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Georg Braun  &  Franz Hogenberg:  Moscauw

Maps of Russia

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Title: Moscauw

Map Maker: Georg Braun  &   Franz Hogenberg

Place / Date: Cologne / 1575

Coloring: Hand Colored

Size: 19.5 x 14 inches

Condition: VG+

Price: $3,400.00

Inventory ID: 46280


Decorative full color example of Braun & Hogenberg's first view of Moscow, from a slightly elevated viewpoint from across the frozen Moskva River, first published in 1575.

The walled center of the old city is depicted with its many churches. The map shows illustrations of people riding horse-drawn sleighs and a very early depiction of cross country skiers. In the foreground, two cows and a number of armed Russian soldiers are shown on horseback. These graphically reflected the growing military power of Moscow under Grand Duke Ivan IV (Ivan the Terrible), who was the first to assume the title of Tsar of Russia and who established the city as the capital of the Grand Duchy of Russia in 1547, not long before this image was made.

The view appeared in Braun & Hogenberg’s Civitatus Orbis Terrarum, the most important town book of the 16th Century.  Braun compiled the work while serving as the Canon of Cologne, drafting plans to produce over 500 city views and maps. The work was published in six parts between 1572 and 1617.  Most of these engravings were made by Simon Novellanus and Frans Hogenberg, often after drawings by Joris Hoefnagel.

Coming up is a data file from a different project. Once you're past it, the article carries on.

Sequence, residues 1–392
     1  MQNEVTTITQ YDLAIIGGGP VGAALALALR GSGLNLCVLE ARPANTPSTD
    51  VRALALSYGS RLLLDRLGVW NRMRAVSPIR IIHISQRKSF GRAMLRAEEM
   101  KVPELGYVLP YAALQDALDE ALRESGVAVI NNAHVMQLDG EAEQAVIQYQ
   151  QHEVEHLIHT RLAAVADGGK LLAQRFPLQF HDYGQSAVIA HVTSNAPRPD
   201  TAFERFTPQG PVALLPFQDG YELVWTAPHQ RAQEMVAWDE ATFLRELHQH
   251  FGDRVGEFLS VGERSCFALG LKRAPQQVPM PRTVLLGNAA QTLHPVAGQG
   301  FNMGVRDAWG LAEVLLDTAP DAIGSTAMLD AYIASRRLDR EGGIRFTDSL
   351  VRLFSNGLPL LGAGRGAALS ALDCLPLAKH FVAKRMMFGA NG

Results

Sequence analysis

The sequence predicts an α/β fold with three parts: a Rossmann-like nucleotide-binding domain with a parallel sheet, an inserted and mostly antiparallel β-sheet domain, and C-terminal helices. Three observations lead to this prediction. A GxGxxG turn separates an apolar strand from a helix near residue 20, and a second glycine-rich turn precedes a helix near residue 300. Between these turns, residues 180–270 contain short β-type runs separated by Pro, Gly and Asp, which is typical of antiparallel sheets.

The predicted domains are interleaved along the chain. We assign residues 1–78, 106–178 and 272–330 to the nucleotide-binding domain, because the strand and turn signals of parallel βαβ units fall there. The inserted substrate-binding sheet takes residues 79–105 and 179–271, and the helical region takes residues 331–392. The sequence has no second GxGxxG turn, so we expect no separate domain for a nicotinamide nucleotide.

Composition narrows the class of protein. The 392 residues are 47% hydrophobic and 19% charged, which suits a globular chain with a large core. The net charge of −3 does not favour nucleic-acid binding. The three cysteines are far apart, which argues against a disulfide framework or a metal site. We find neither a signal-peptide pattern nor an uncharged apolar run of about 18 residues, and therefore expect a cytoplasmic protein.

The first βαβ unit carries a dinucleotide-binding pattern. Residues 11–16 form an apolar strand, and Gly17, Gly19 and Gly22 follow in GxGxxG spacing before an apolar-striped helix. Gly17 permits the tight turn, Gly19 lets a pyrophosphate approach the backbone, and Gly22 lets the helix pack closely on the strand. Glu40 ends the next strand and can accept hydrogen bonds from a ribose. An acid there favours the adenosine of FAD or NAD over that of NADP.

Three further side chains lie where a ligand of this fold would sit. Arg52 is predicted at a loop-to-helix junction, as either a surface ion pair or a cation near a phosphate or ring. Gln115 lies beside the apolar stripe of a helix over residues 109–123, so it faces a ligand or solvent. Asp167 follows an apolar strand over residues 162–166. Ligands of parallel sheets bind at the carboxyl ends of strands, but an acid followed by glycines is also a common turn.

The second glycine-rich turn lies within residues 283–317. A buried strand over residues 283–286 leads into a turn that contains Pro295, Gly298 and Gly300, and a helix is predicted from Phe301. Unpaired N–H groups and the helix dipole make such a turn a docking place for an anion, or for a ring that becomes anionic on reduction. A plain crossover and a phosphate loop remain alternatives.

This is the first of the two plans of Moscow done by Braun and Hogenberg.  A second appeared in the last volume, published in 1618, necessitated by Ladislas of Poland, who rampaged through the city in 1611.

Cartouche Translation: Moscow, capital of the eponymous region, twice as large as Prague in Bohemia, has wooden buildings, many streets, but scattered, with wide spaces in between them.  The Moskva irrigates the city.

Braun's text, in English: "But because of its size the city has no proper end and also it has not been sufficiently fortified with walls, moats or ramparts, but the streets are closed with barriers at several places; when night falls, a strong guard is placed there, so that no one can pass through at night after a certain hour. [...] The Moskva River flows around part of the city, and it is joined very close to the city by the Yauza, which, due to its high bank, can only rarely be waded through."

Related Categories:
City Plans & Views of European Cities
Maps of Russia